Implications of a Potential Additional 25% Duty on US Soybean Imports into China – Winning and Losing Regions Beyond the US and China
A 25% duty on US soybeans is not yet a given, but the implications would be severe.
Facts and timing
- 22 March: US imposes duties on Chinese products, including 25% on steel.
- 23 March: China threatens to impose up to 25% duty on 128 US products, including pork.
- 3 April: US threatens to impose 25% duties on approximately 1,300 Chinese products, worth USD 50bn in imports.
- 4 April: China threatens to impose an additional 25% duty on 106 US products worth USD 50bn. Soybeans are included, alongside cotton, sorghum, wheat, beef, and corn. China said it seeks a truce but would retaliate if the US followed through on its proposal and that the timing will depend on the US decision, which is expected in six to eight weeks, because:
- a. The US 30-day public comment period will end on 4 May
- b. Followed by a US public hearing on 15 May, with final comments due on 22 May
- c. The US Administration might take up to three weeks before announcing the implementation.
The current trade imbalance is considerably in China’s favour: exports to the US are valued at USD 505bn/yr, nearly 4 times the USD 130bn in US exports to China. If all proposed duties took effect, 40% of the US exports to China would be affected, but only 10% of China’s exports to the US.
A 25% duty on US soybeans is not yet a given, but the implications would be severe
Soybean trade is crucial for China, which imports 90% of its requirements, including 34% from the US, an indispensable supplier. Still, the US also has an interest in avoiding duties as soybean exports to China represent a massive USD 14bn market to US farmers who currently face farm incomes at ten-year lows. However, the value of US G&O exports to China have fallen about 15% since 2014, and last year’s soybean shipments to China were the second-lowest since 2012.
Yet, supplying China solely with soybeans from countries other than the US won’t be easy. In 2018, Brazil has limited room to increase soybean exports significantly, while Argentina’s crop is drought-reduced and Argentina typically exports soy meal rather than soybeans.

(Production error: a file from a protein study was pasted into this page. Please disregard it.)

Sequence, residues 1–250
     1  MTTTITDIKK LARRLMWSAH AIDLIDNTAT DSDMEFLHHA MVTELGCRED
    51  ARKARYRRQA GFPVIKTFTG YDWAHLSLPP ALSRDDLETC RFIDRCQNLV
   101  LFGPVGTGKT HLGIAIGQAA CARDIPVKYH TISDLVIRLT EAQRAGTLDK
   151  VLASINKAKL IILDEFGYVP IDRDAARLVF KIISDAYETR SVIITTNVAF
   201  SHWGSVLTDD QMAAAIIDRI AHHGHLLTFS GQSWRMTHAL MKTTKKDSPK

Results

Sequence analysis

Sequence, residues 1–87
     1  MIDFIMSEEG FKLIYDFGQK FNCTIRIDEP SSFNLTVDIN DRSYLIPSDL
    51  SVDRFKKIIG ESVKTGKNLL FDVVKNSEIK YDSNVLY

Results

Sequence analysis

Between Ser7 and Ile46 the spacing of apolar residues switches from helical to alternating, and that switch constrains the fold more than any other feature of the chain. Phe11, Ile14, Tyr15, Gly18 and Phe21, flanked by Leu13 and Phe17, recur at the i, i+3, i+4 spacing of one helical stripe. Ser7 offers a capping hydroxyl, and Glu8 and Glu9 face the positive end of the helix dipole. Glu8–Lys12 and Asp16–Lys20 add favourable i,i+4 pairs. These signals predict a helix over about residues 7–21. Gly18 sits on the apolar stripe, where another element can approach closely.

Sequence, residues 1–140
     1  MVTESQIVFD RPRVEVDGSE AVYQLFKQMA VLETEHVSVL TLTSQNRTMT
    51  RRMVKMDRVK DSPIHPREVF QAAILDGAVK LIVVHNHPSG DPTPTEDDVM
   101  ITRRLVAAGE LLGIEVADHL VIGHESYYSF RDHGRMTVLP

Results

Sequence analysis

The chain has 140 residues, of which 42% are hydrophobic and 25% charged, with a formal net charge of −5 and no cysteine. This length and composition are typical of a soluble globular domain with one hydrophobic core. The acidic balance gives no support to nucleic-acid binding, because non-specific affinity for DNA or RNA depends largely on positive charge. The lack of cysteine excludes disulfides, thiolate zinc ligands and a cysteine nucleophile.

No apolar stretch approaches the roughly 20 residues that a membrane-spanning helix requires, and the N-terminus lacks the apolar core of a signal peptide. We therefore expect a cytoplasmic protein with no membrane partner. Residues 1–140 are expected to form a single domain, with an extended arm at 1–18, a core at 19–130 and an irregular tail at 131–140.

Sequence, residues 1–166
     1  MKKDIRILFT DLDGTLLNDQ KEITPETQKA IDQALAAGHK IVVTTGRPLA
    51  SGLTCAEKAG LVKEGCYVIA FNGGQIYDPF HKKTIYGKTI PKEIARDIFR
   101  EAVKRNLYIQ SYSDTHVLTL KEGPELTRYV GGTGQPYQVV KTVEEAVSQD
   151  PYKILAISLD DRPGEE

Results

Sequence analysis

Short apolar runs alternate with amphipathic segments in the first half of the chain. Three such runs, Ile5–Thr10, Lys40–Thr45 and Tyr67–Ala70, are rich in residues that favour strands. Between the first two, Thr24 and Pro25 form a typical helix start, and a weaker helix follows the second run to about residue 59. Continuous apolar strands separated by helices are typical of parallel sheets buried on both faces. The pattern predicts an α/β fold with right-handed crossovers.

• An additional 25% duty on US soybeans will increase domestic soybean prices and thus also the prices of soy oil and soymeal;
• Chinese crushers cannot fully pass on the inflated costs downstream, and unless the government provides cash subsidies or VAT reductions to crushers, their margins are set to decline;
• Soybean imports potentially decline year-on-year and imports of substitutes like canola would rise;
• Soy crush capacity utilisation falls;
• Higher soymeal prices will lift the production costs of livestock farming, further squeezing margins, which again incentivises changes to feed formulas to somewhat lower soymeal usage.
• US soybean prices likely to fall, to compensate for an additional 25% in duties to enter the world’s number one importer;
• US soybean exports to China to decline, but partly offset by larger exports to e.g. EU and SEA;
• US soymeal exports to increase due to stronger meal demand from the rest of the world (ROW), which reduces buying from South America. However, growth limited by US export and crush capacity, which currently runs near capacity;
• Strong overseas meal demand and low soybean prices indicate strong crushing margins, however Chinese duties on US pork might cut US domestic soymeal demand;
• US soybean acreage to decline in the coming years, while corn rises.
• South American soybean exports to China to rise considerably, boosting prices;
• Soymeal prices to rise to ensure continued crush and meal exports to the EU, SEA, and others, but this will weaken the price-competitive advantages of South America as the leading soymeal exporter;
• South American pork and poultry margins to suffer from higher feed costs, but pork exports might benefit from Chinese duties on US pork;
• Farmers to expand soybean acreage in the years ahead if the duty remains.
EU and South-East Asia
• Increased South American soymeal prices to result in substitution by higher imports of US soymeal and even more by higher imports of ‘cheaper’ US soybeans (as far as local crush capacity allows), while imports of South American soybeans will be cut as they move to China;
• Higher soymeal prices will cut livestock margins in SEA and the EU, although EU pork exports will benefit from replacing US exports to China as duties on US pork are implemented.
Long-term implications (if Chinese duties remain in place for multiple years)
Figure 1: China imports 60% of global soybeans; EU28 and SEA import 60% of soymeal; Argentina and Brazil export 60% of soy complex
Source: USDA, UN Comtrade, Rabobank 2018
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